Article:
The fact of the matter is, other bills that monitor the Internet are implemented in the very same way here — the “Yarovaya package,” for one, has not yet entered the active phase. No storage has been created to process the data from all Internet traffic, the law to monitor VPN is not very effective, and the law on deanonymizing messenger users does not work. And as it stands, these laws have been implemented for over a year.
In this context, a “sovereign internet” law is even more of a failure. It’s clear that it couldn’t be fully implemented in one year. But the individual elements the law mentions are now being constructed, training is being carried out, and it’s likely that more modern means of filtering traffic are being established.
We’ll also be able to see self-contained manifestations of the law during the pandemic. Internet shutdowns, for example, if there is sudden unrest among people across the country. It’s hard to imagine that now, of course, but there are altercations. For example, someone brought masks to doctors but wasn’t let in, and there was a conflict with law enforcement [this is a reference to the arrest of Anastasiya Vasileva, leader of the Doctors’ Alliance, on 3 April in the town of Okulovka, in Novgorod region, where she brought personal protective equipment for doctors — D.K.]. People are being fined for parking their cars [also on 3 April, a resident of Ufa was fined for violating self-isolation — D.K.]. If there are flare ups like these, then the authorities can apply a specific element of sovereign Runet and disconnect the network in specific regions. Now, this can be done as ordered by Roskomnadzor, in the blink of an eye.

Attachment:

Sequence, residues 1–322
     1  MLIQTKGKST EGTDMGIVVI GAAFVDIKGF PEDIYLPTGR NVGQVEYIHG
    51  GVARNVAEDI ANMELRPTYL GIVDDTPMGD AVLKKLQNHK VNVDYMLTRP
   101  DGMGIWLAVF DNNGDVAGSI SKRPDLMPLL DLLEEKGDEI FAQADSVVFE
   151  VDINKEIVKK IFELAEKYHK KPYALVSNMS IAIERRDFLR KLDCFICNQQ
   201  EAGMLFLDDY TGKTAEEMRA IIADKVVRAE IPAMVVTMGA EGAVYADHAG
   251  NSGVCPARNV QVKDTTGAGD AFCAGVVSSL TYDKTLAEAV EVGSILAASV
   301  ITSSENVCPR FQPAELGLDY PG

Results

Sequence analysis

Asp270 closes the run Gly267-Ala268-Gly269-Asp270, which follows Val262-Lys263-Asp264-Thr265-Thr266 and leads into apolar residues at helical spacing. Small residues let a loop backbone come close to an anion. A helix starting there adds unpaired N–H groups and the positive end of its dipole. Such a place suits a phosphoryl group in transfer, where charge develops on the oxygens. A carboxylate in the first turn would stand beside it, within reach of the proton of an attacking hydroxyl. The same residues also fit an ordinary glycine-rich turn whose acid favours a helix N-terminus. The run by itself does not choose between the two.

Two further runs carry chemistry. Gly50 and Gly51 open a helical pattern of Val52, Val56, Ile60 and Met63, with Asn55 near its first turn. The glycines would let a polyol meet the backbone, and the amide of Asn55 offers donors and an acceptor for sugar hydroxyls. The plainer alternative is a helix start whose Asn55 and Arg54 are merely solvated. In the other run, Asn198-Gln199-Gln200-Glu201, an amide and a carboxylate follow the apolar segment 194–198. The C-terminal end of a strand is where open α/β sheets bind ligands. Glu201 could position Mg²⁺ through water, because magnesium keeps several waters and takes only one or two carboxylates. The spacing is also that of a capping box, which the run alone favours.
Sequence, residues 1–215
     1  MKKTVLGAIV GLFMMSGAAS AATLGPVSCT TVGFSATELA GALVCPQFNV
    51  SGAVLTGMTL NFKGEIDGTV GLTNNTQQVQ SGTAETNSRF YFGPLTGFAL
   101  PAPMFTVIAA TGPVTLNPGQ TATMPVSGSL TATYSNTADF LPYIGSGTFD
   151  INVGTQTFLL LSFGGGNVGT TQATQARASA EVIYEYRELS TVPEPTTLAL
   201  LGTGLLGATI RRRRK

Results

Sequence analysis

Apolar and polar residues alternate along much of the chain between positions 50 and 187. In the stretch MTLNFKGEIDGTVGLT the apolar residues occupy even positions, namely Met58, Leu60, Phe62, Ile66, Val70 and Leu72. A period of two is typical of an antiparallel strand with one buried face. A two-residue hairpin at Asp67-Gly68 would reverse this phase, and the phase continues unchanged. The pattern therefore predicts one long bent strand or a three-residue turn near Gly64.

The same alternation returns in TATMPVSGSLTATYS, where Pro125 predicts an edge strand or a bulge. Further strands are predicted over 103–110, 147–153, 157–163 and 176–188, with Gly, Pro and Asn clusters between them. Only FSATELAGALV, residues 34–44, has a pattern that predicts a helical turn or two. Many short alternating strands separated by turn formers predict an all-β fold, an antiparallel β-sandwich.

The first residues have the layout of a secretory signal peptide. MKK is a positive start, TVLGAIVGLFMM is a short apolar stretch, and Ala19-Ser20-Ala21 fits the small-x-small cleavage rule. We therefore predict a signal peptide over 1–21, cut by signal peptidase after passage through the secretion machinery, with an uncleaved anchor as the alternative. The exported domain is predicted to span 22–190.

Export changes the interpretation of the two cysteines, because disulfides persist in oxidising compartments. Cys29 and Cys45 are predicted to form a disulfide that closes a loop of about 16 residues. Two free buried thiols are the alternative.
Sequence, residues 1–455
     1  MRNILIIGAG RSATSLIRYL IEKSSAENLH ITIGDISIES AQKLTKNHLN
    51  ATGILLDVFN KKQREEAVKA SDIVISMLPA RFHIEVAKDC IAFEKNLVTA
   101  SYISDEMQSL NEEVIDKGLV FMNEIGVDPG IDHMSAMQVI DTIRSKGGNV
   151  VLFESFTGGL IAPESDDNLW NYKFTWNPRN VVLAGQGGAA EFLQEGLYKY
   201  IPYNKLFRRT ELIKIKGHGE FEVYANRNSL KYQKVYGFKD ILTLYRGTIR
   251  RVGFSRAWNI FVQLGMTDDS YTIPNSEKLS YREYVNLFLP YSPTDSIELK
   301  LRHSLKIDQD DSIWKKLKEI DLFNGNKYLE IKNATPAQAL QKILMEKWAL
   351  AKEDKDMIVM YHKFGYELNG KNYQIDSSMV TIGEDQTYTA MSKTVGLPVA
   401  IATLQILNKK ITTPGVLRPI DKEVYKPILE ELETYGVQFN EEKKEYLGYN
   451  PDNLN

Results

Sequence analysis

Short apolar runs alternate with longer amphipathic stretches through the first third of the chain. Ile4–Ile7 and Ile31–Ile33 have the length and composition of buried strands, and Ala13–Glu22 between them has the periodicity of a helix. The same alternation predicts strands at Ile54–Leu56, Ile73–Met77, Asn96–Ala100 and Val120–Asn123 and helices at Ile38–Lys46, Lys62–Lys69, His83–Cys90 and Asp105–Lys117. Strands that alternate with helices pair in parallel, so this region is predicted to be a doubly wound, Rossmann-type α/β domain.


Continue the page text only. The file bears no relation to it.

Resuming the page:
What will happen to our digital rights once the pandemic has ended?
I can’t predict what new kinds of technology may appear in the future (at the moment, satellite Internet deserves attention). However, now there’s a risk that the privacy of communication will be violated, that there will be full-on censorship, restrictions on the right to movement, and violations of the right to privacy in our personal lives, by means of the implementation of a facial recognition system on which there is no public consensus in the world. There is also no civilian oversight or understanding of how video tracking violates our rights and freedoms.